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National Geographic chose Cardiff as one of its 2011 10 ''out-of-the-ordinary destination for your summer vacation'', hand-picked by National Geographic Traveler editors. On my visit I faced up to Dr Who and the Daleks (BBC Wales does much of the filming for the series in and around the city) and a lot more in the bright and busy Welsh capital. My list includes Rodin’s Kiss, original indoor shopping, Harry Potter gadgets, a hero in the snow and one of the foremost performance centres in Europe. Picture : Cardiff City Centre, early 2011, by Gareth Huw Davies

National Geographic tips Cardiff

National Geographic reveals how this one time city of castle and coal, Wales’s capital, is emerging as a modern sports-entertainment destination. It picks out Cardiff Bay, 'once the world’s largest coal-exporting port, now a 500-acre freshwater lake with eight miles of waterfront.' Then it lists a host of outdoor activities for the summer of 2011, including rafting and kayaking at Cardiff International White Water, and windsurfing and powerboating on the bay. Between August 27-29, the Cardiff Harbour Festival features tall ships, free activities, and, new for 2011, the Breitling Wingwalkers aerobatic formation team. Cardiff Castle hosts the Grand Medieval Melee, August 13-14.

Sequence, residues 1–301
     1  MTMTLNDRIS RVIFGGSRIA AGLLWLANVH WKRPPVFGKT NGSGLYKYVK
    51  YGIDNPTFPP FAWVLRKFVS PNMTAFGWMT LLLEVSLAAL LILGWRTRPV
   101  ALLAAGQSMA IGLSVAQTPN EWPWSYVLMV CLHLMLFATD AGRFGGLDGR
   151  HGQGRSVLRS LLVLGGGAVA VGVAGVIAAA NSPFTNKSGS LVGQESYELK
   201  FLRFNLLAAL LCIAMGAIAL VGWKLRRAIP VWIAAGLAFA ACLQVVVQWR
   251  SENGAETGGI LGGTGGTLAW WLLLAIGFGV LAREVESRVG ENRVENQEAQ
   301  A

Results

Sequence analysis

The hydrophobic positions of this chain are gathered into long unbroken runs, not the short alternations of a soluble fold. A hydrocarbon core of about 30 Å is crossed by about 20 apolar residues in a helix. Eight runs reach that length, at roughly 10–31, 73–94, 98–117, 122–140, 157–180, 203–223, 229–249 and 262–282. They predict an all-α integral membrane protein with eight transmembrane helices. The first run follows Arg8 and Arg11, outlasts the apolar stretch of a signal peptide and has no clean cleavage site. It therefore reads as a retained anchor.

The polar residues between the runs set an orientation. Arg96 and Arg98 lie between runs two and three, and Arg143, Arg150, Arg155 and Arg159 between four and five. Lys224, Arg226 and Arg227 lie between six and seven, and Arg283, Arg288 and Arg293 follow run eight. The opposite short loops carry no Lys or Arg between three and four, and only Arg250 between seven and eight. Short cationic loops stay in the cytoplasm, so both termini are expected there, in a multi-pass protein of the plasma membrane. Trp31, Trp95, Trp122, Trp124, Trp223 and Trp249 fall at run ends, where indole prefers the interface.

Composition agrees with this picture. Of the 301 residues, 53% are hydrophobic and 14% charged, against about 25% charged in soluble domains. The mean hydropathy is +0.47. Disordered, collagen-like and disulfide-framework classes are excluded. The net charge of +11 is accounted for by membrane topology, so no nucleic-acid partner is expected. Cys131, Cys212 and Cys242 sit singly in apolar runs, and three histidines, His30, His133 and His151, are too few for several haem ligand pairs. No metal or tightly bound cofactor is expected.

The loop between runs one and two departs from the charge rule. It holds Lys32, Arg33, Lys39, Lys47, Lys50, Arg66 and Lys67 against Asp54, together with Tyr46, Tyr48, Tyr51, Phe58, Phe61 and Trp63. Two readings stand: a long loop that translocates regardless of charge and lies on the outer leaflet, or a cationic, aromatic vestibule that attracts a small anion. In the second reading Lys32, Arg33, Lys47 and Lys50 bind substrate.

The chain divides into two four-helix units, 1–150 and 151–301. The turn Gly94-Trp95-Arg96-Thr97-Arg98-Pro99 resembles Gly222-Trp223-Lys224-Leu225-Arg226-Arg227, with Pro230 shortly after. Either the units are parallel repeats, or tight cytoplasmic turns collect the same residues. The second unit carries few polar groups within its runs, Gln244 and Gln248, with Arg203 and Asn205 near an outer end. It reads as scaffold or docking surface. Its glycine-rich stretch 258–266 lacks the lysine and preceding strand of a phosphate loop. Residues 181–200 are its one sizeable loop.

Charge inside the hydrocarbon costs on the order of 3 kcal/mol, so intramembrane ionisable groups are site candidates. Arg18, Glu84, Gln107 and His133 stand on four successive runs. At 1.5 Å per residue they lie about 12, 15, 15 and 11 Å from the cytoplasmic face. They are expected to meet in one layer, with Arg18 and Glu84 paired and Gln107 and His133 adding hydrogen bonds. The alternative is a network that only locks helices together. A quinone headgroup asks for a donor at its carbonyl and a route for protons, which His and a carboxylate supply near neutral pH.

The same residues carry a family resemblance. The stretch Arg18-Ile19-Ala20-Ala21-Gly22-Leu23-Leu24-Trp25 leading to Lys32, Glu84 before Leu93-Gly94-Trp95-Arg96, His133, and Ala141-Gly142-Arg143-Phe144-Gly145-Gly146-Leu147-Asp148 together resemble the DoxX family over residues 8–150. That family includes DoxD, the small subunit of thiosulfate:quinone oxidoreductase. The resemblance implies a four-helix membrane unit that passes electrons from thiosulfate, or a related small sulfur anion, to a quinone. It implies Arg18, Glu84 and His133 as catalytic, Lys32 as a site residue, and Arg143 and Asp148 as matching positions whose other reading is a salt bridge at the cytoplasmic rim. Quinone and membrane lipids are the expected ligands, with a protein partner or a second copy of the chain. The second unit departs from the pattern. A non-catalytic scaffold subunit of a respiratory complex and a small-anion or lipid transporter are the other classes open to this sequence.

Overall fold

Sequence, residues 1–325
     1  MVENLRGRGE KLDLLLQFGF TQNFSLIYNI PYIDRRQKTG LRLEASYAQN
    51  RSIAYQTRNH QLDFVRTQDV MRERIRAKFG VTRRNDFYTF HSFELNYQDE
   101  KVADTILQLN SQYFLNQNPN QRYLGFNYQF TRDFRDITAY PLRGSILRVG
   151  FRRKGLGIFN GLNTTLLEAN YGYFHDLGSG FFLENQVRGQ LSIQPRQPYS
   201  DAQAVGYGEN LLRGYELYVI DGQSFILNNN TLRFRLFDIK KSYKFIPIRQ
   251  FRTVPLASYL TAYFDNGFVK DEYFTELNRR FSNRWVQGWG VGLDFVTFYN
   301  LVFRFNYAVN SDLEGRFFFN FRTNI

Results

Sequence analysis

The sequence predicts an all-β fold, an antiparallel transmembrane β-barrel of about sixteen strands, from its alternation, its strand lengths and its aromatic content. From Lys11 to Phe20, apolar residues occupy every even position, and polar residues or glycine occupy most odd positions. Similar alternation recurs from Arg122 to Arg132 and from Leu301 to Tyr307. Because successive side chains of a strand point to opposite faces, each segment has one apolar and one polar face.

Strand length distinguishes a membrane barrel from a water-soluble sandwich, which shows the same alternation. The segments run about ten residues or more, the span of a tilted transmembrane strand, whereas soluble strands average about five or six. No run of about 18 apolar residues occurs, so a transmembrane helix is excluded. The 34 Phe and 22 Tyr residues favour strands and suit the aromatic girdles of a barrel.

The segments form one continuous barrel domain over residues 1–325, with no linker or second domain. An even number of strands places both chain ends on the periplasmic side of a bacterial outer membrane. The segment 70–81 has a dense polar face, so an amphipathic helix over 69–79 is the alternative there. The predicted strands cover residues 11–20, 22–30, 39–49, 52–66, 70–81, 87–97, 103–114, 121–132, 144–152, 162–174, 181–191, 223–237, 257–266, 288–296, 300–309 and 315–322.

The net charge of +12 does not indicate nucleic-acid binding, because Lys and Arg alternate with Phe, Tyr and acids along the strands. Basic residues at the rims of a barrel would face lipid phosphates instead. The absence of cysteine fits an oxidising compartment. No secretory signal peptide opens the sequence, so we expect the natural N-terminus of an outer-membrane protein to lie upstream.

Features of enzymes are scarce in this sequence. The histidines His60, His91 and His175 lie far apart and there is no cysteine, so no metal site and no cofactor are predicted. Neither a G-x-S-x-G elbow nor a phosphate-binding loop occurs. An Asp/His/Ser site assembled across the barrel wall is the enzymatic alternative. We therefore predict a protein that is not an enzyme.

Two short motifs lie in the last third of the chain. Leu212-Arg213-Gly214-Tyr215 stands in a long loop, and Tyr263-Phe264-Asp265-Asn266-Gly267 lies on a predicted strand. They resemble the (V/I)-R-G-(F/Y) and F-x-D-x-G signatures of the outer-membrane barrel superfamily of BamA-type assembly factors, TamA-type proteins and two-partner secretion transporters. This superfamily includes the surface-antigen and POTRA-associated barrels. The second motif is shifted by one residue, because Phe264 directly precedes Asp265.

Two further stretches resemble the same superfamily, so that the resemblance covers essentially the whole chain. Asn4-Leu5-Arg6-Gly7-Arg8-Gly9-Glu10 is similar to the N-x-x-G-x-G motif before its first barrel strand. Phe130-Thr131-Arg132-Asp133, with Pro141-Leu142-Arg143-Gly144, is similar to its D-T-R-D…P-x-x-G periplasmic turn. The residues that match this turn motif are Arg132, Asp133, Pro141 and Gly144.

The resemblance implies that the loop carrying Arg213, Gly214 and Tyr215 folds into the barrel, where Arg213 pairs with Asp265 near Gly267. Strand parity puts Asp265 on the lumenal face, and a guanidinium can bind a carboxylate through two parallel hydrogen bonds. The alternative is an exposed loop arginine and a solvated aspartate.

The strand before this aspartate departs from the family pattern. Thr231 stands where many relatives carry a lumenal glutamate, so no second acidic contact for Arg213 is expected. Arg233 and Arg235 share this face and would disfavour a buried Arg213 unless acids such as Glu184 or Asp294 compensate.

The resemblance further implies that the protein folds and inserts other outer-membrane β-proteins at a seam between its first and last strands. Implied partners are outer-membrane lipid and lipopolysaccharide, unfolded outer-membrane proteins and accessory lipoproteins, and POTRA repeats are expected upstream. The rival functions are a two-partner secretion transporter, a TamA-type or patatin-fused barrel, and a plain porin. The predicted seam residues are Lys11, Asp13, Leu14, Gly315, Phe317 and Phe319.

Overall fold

Sisters’ Fine Art.

The Davies sisters, Margaret and Gwendoline, were in a very rare category of collectors and public benefactors. In their day the richest spinsters in Britain, the grand-daughters of a Welsh coal magnate toured Europe a century ago with an eye for an art bargain, amassing one of Britain’s finest collections. The splendid National Museum (admission free), in Cardiff’s wide and spacious Cathays Park, displays the works they snapped up. There is Renoir’s enchanting and coquettish La Parisienne, a vision in blue of actress Henriette Henriot; umpteen of Monet’s water lily paintings and Venetian views; Cézanne’s Still Life with Teapot; and a version of the ever-passionate couple in Rodin’s kiss. But one work never fails to excite and move me. In his high octane study of bad weather, Rain at Auvers, Van Gogh etched raindrops like dagger strokes on the canvas. Days later the desparing genius shot himself.

Arcade dining, New York style

From San Francisco to Bluewater, malls follow a formula. They float you in warmly-lit comfort shopping, set to soothing muazak. But you could be anywhere. The High Street Arcade (one of four in the city centre) is the perfect indoor shopping antidote to bland impersonal malls. This Victorian enclave is full of real, one-of-a-kind and specialist shops. I loved the Chopin Board, ideal for the musical kitchen in the window of the harp shop Telynau Vining. And the New York Deli, where they serve the biggest-attitude salt beef sandwich, to authentic stateside dimensions (on light rye, with sweet horseradish and gherkin) this side of the Big Apple. Really serious shoppers should bulk up on the Philadephia Hoagie, designed to last all day.